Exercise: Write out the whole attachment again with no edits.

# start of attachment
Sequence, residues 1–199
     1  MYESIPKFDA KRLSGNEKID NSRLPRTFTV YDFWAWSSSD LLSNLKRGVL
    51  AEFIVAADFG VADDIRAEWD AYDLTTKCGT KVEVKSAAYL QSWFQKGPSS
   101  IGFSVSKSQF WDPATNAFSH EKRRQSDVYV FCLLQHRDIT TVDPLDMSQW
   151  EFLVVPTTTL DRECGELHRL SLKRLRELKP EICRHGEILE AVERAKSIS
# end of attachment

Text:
Sequence, residues 1–199
     1  MYESIPKFDA KRLSGNEKID NSRLPRTFTV YDFWAWSSSD LLSNLKRGVL
    51  AEFIVAADFG VADDIRAEWD AYDLTTKCGT KVEVKSAAYL QSWFQKGPSS
   101  IGFSVSKSQF WDPATNAFSH EKRRQSDVYV FCLLQHRDIT TVDPLDMSQW
   151  EFLVVPTTTL DRECGELHRL SLKRLRELKP EICRHGEILE AVERAKSIS